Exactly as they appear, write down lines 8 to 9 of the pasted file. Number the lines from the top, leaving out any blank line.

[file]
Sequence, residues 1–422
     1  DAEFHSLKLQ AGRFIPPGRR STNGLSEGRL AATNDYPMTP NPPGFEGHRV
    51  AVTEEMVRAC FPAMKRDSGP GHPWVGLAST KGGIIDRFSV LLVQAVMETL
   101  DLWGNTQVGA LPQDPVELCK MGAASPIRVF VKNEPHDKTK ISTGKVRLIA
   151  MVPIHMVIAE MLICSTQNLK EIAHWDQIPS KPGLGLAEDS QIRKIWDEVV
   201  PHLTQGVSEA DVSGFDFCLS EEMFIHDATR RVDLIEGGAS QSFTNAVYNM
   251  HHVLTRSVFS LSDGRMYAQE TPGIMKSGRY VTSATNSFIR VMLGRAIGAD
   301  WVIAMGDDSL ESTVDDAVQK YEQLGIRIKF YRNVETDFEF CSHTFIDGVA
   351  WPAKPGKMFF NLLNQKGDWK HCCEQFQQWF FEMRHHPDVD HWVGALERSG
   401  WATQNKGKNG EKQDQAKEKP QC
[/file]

   301  WVIAMGDDSL ESTVDDAVQK YEQLGIRIKF YRNVETDFEF CSHTFIDGVA
   351  WPAKPGKMFF NLLNQKGDWK HCCEQFQQWF FEMRHHPDVD HWVGALERSG